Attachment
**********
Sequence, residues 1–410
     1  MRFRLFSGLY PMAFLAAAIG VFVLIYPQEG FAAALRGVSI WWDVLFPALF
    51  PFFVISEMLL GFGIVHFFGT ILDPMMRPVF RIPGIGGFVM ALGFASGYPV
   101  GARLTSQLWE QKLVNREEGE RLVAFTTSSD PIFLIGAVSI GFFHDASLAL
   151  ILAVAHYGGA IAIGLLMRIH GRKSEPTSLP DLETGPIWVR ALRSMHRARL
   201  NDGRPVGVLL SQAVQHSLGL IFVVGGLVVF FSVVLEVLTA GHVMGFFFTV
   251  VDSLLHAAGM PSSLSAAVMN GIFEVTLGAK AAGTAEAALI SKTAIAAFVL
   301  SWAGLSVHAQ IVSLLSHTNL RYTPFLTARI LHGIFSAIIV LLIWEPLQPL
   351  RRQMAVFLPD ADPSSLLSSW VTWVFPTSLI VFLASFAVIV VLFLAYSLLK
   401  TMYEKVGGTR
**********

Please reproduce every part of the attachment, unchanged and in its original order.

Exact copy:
Sequence, residues 1–410
     1  MRFRLFSGLY PMAFLAAAIG VFVLIYPQEG FAAALRGVSI WWDVLFPALF
    51  PFFVISEMLL GFGIVHFFGT ILDPMMRPVF RIPGIGGFVM ALGFASGYPV
   101  GARLTSQLWE QKLVNREEGE RLVAFTTSSD PIFLIGAVSI GFFHDASLAL
   151  ILAVAHYGGA IAIGLLMRIH GRKSEPTSLP DLETGPIWVR ALRSMHRARL
   201  NDGRPVGVLL SQAVQHSLGL IFVVGGLVVF FSVVLEVLTA GHVMGFFFTV
   251  VDSLLHAAGM PSSLSAAVMN GIFEVTLGAK AAGTAEAALI SKTAIAAFVL
   301  SWAGLSVHAQ IVSLLSHTNL RYTPFLTARI LHGIFSAIIV LLIWEPLQPL
   351  RRQMAVFLPD ADPSSLLSSW VTWVFPTSLI VFLASFAVIV VLFLAYSLLK
   401  TMYEKVGGTR